Don't be fooled. Inside this thin coating of sweetness is a fiery core of total insanity.

Saturday, June 1, 2013

Portland's Lan Su Garden

Portland's Chinatown gate, the official entrance to the Chinatown district, which unfortunately is quite a disappointment if you're looking for a good Chinese restaurant or market

In the middle of Portland's Chinatown sits Lan Su Garden, an authentic Chinese garden meant to represent the private garden of a 16th century wealthy Chinese family. It takes up one entire city block, and was built in 2000 by artisans from Suzhou, China, who lived in Portland for 10 months while they assembled the structures that had been crafted in China and shipped across the Pacific Ocean. Most of the materials -- more than 500 tons of rock -- came from China. Suzhou is Portland's sister city in China's Jiangsu province, a city famous for its beautiful gardens. From the 14th through the 19th century, Suzhou was considered the wealthiest and most sophisticated city in China, a city where the rich and powerful sought to retire and build elaborate gardens.

A lovely planting of Begonia grandis in the courtyard where you buy a ticket to enter

Step through into the past

The rocks in the garden are Lake Tai rocks, formed underwater, the flow of which formed their unique shapes.

The garden has some wonderful layering effects going on

The pond in the center of the garden is meant to evoke a vast lake, with the rocks in the distance serving as mountains with waterfalls and streams.

Koi swim languidly in the lake

These interesting tiles are bat-shaped drip tiles, each adorned with five bats, representing each of the five blessings -- long life,  good fortune, good health, a love of virtue, and a painless passing.

A shower passed over while I was there, and everyone scurried under the trees and into the pavilions surrounding the pond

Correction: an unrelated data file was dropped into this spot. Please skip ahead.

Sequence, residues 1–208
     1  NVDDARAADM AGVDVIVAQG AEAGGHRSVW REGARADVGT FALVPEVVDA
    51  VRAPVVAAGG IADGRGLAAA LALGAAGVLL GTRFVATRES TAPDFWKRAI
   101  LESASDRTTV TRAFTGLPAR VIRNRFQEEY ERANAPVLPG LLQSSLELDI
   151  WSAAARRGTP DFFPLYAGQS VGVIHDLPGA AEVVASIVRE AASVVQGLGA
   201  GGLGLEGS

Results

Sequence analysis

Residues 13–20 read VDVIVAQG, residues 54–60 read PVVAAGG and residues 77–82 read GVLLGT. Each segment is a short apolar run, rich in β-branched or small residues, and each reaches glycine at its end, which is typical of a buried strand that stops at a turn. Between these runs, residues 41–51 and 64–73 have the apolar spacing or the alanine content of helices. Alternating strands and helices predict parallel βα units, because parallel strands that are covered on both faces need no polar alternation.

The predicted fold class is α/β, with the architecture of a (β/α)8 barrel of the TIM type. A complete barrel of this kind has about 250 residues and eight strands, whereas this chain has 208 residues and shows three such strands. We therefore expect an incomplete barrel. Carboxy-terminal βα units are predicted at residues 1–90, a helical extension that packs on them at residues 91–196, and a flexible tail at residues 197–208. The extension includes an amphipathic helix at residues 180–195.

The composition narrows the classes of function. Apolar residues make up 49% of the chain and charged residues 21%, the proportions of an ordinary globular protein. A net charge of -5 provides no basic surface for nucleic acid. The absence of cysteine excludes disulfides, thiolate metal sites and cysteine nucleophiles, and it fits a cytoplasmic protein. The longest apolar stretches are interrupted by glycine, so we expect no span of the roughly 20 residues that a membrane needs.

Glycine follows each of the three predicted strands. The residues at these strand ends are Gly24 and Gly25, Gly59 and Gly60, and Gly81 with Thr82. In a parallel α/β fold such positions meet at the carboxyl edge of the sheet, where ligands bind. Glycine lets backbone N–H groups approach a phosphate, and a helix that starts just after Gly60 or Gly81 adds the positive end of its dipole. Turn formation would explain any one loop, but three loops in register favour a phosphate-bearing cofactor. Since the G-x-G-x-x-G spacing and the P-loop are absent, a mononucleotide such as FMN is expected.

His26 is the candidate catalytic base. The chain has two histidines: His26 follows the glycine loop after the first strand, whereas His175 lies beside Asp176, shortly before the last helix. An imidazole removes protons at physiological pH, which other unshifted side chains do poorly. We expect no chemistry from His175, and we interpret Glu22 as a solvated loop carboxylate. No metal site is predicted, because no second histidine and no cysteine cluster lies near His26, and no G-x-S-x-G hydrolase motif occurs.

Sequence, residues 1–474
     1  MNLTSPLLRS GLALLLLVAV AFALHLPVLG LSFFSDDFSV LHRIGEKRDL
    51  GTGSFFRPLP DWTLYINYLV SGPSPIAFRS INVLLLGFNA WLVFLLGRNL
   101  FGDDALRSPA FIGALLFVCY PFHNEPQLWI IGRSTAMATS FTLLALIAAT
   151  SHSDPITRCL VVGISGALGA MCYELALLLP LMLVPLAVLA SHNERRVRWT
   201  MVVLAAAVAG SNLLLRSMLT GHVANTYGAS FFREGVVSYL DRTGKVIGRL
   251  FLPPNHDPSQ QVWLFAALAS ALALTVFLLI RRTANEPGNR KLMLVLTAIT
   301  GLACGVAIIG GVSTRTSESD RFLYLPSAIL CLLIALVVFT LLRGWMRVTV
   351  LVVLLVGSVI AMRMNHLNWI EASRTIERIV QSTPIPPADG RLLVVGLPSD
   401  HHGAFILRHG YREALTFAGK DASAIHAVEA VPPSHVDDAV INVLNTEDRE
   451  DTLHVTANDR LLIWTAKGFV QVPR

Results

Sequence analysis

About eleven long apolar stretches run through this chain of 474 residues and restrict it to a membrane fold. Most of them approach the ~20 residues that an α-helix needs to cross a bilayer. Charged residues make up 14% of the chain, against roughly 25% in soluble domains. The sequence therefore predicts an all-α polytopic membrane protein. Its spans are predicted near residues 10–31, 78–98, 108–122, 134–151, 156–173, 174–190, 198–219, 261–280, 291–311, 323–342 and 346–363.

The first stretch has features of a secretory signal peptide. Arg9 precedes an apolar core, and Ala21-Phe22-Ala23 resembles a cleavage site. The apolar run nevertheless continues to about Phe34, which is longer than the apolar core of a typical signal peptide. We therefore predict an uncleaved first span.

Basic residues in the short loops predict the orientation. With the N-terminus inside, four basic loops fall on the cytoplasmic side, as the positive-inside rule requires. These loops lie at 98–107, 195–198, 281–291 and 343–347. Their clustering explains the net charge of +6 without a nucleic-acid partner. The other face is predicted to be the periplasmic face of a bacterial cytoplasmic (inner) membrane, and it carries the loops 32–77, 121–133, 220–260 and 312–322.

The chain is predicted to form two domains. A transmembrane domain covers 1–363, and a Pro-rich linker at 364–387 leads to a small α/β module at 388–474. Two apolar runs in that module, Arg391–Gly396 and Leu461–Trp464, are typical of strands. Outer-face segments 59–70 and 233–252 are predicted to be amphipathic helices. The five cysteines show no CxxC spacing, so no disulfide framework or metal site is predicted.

Every little corner of the city block is used

A pretty orchid



Cutleaf Oak

At times it's hard to believe you're in the middle of Portland

According to the booklet that was handed out with my ticket, "Lan Su is a special place in the midst of the city where we can escape traffic, calm our senses and reconnect with nature."

So true!

For a few more words about Lan Su, as well as gorgeous photos with lots of plant IDs, see the following posts from local Portland garden bloggers:

Scott at Rhone Street Gardens: Portland Chinese Garden Plant Sale 

Loree at danger garden: Plant Sale! And Portland’s Lan Su Classical Chinese Garden...

And danger garden again: A quick stop at Lan Su...

That's it for gardens that I saw in Portland. Now I'm back home in my own garden, still planting like a maniac, trying to catch up with all the plant shopping I did this spring. But, don't worry -- there are more plant tours in my future.


  1. I love this place; it was the absolute highlight of my trip when I visited Portland a few years back. Having since actually been to Suzhou and seen some of the "original" historic gardens there, I have to say this one holds up well even in comparison.

  2. I especially like the pebble mosaics on the walkway. Pretty plants and foliage in a nice setting and the plants work so well in Portland's climate.

    I'm glad you had a good time on your weekend and I enjoyed seeing your tours, looks like a lot to see. Happy planting!

  3. What a beautiful place! I love the layering of the shrubs, too. It looks effortless but we both know it's not! Thanks for the tour and your kind comments on my blog. :o)

  4. A stunning place...hard to believe this is Portland those stone paths especially.

  5. I was very impressed with the Chinese gardens too, the very elaborate ornate buildings contrasting with the wildness of the natural rock formations and waterfalls. Your photos are great, and thanks for the background information. All the plants were amazing too.

  6. Definitely on our list of must see places to see when we visit Portland (cross fingers!)

  7. Wow! incredible garden!! I´ll try my best to visit it some time in my life.

  8. How beautiful! I love the elegance of the water and trees with harmonious architecture. Superb

  9. I visited this garden last spring for the first time with my daughter. I remember thinking how peaceful it was. I missed the info on the bat tiles, though. That's quite interesting.


Gardening is a solitary activity. But blogging about it is a social phenomenon! I don't make money from my blog by advertising, or use it to drive customers to a business. If you liked my post, or my writing or photography, or even just one picture or turn of phrase, I'd love to hear from you. That's how I get paid.